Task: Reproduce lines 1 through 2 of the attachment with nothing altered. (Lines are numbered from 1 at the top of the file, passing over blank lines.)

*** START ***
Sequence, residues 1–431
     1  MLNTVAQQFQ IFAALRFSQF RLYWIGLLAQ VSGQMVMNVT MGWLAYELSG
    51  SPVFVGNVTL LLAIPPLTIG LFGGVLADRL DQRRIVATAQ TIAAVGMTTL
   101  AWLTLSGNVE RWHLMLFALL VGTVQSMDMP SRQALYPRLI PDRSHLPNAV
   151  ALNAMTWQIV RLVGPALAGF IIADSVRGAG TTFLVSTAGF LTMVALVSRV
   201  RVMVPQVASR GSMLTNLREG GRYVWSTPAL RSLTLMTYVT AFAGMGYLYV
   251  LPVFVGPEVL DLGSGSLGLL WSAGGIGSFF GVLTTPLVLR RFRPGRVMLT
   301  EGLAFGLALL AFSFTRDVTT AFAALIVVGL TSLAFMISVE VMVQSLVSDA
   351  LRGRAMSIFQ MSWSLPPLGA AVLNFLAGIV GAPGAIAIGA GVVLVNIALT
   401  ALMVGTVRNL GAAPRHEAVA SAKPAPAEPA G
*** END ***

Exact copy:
Sequence, residues 1–431
     1  MLNTVAQQFQ IFAALRFSQF RLYWIGLLAQ VSGQMVMNVT MGWLAYELSG